Fredo's Theatre Group 
An archive of our reviews (Part Five) 
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Earlier Opinions for 2019 can be found HERE 
The End of History by Jack Thorne, at the Royal Court 
What's it about? A left-wing couple, Sal and David, have tried to bring up their children to follow their principles. Over the next 20 years, these ideals are tested, embraced, betrayed and rejected. The distance between family bonds and family tensions is explored by the writer, sometimes hilariously but most often with powerful emotion. 
What did it have going for it? First of all, the writer Jack Thorne and the director John Tiffany have a good track-record in their body of work. Then the casting of theatrical heavyweights Lesley Sharp and David Morrissey confirmed that we were right to make our booking. The added attraction of Kate O'Flynn (A Taste of Honey) and Sam Swainsbury (tv's Mum) added to our anticipation. 
Did we enjoy it? Very much. Lesley Sharp commands the first act as though the part was tailor-made for her, and the family situation is set up convincingly so that the explosions that follow are plausible and gripping. The following scenes bristle with resentment between the children and their parents and each other. Laurie Davidson, as the sensitive younger son, exposes the awareness that they all share of being a disappointment to their parents' aspirations, and Zoe Boyle is an effective catalyst as she develops from a shy girlfriend to a resentful daughter-in-law. David Morrissey, strong throughout, rises to the occasion in the difficult final scene.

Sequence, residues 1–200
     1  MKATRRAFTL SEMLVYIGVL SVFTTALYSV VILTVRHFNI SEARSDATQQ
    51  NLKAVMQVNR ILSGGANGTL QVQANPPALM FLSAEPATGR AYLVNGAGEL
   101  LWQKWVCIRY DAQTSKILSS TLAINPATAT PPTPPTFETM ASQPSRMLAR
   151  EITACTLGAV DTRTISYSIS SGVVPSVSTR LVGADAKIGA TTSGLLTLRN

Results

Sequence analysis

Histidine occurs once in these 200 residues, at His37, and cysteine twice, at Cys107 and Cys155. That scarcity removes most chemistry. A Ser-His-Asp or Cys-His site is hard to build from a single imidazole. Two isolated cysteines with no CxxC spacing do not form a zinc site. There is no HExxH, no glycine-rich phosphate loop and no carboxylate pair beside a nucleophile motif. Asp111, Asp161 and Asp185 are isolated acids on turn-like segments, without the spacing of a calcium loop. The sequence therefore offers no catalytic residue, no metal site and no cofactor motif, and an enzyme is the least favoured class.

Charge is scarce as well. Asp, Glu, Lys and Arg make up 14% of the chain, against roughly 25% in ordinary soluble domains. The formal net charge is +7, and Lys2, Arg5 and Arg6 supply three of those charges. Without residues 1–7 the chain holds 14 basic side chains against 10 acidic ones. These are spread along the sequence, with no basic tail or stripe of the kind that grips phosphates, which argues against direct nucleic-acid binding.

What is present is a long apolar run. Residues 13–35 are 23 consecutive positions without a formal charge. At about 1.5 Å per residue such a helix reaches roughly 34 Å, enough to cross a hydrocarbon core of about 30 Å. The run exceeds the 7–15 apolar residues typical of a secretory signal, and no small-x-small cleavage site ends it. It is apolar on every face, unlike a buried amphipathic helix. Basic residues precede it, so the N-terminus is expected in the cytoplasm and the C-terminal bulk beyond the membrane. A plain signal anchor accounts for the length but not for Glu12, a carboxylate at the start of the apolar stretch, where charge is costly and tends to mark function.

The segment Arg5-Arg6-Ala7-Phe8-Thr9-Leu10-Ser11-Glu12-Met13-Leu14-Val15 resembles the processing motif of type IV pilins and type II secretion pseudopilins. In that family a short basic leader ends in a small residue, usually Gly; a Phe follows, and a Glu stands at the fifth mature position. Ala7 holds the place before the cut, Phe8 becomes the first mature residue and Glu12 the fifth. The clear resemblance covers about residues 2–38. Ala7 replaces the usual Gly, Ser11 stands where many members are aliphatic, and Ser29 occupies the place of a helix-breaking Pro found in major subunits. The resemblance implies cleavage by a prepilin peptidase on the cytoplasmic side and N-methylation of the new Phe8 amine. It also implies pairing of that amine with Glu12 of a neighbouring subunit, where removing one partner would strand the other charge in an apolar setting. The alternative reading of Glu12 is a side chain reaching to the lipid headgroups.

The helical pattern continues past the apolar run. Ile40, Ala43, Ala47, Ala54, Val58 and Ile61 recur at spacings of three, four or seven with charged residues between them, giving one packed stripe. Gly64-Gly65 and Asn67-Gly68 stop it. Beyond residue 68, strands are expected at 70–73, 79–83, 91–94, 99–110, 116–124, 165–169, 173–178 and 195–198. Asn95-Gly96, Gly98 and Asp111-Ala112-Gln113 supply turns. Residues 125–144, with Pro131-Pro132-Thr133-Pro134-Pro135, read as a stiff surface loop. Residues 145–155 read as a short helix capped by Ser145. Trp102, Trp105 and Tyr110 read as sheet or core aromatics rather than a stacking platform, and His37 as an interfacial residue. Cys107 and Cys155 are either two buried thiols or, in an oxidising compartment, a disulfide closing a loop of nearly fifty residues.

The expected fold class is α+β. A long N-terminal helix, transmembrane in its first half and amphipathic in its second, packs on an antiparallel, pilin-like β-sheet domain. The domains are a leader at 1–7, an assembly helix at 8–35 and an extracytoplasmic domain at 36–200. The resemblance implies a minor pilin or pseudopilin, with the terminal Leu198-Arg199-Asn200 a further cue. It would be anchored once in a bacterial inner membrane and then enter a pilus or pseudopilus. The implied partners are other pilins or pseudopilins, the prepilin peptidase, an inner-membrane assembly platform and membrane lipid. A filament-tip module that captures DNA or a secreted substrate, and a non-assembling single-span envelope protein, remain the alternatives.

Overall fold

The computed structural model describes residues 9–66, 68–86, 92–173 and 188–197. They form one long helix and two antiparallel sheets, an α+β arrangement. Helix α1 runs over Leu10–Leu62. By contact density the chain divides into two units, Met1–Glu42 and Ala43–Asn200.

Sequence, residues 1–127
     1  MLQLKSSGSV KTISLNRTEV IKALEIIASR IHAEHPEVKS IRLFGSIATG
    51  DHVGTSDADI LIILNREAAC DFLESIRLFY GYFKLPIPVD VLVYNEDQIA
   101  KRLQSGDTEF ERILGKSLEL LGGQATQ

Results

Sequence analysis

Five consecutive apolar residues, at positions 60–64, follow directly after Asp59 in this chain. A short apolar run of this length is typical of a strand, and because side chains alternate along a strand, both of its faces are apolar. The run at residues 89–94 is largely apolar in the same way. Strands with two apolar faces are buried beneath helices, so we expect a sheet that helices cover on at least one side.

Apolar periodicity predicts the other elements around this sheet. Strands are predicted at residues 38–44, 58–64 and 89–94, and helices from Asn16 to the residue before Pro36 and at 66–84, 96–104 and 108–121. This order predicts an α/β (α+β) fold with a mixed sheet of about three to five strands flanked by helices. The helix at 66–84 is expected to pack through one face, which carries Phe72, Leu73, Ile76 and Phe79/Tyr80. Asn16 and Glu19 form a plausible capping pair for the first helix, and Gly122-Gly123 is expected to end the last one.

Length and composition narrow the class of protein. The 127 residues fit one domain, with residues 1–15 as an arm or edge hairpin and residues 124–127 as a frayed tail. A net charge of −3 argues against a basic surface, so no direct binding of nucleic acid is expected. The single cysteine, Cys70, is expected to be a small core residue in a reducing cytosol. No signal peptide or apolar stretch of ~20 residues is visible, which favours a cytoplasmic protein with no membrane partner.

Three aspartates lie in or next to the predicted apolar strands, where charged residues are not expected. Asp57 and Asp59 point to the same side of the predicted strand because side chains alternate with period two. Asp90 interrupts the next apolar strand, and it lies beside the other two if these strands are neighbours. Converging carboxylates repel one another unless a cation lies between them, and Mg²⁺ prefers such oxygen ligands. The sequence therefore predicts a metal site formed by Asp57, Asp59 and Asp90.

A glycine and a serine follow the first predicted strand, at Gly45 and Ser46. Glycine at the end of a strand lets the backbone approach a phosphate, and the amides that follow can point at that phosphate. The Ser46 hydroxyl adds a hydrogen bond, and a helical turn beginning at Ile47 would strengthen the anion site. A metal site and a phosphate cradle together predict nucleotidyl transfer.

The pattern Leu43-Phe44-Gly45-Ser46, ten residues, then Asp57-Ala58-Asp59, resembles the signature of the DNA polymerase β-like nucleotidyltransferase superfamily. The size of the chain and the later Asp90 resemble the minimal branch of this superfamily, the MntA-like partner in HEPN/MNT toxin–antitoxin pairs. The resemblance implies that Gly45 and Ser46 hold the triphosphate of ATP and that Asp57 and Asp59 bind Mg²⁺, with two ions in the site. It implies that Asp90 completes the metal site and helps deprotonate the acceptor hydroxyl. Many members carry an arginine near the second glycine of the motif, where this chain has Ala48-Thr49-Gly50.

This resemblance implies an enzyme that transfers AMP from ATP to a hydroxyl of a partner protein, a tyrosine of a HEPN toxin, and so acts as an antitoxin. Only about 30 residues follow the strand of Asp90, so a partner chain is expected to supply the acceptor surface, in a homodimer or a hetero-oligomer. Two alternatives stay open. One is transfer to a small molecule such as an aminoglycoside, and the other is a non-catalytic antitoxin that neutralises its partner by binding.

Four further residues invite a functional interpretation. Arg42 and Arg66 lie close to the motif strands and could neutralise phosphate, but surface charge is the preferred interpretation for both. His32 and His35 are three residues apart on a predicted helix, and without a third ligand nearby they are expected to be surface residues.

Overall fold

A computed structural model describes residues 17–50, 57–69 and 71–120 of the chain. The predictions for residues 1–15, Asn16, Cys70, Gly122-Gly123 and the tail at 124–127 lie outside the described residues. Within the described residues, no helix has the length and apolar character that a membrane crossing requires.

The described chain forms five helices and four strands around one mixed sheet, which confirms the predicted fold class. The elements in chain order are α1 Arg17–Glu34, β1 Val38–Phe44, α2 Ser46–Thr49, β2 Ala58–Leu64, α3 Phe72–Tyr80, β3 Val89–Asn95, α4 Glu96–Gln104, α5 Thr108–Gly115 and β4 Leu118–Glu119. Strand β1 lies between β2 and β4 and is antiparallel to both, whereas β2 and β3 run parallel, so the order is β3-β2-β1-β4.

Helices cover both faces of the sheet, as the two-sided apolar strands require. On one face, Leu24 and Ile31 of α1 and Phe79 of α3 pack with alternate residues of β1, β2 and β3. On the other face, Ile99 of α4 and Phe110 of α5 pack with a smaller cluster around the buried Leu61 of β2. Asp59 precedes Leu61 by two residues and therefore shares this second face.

Our Rating:   4/5 
Would the Group have booked? The Royal Court announces its season up to a year in advance, and then casts the plays much later. It''s always difficult to sell enough tickets to make a coach viable when we don't who's going to be in the play. By the time casting was announced, it would have been difficult to arrange a group booking. This is unfortunate, as I think the group would have booked for this one. 
Would the group have enjoyed it? Yes, I'm confident that they would. I'm sure everyone could identify with the predicaments in the family. It was funny and sad, and there is a lot to talk about – although we both enjoyed it, Mike and I had slightly different interpretations about the theme of the play. 
Group Appeal:   4/5 
Mike adds: Yes, we slightly disagreed on this one. It was certainly sharp and very funny, but a play 'of two halves', or more precisely 'two thirds and a third'. It started so well - the Socialist parents from Hell, flaunting their principles and so aware of the world's problems, yet blind to the growing problems within their family, thoroughly middle-class but scornful of anyone slightly more posh. Sal is the eternal Geenham Common Woman reliving her past, and David the Intellectual Socialst, tense, aloof, and always on a short fuse. They were too Left to be right. They despise their children’s choices in life putting ideology before family. This may sound heavy but it’s continually funny and I found myself laughing at them with no admiration for the way they Put Politics First. The family’s pain was evident too. Then came the coda - a serious eulogy for a lost champion of causes, no mention of misapplied socialist dogma. For me this was a cop-out, an excusing of a mismanaged life, there to please an audience maybe wanting redress after seeing their champions of Leftie politics the butt of so much laughter.Thorne says the play is a memoir of his beloved parents. So was this Wesker rewritten by Ayckbourn? A compromised attempt at combining the two, I say. Still 4 stars though - a lively portrayal of how earnest leftwing devotees can alienate those they want to convert.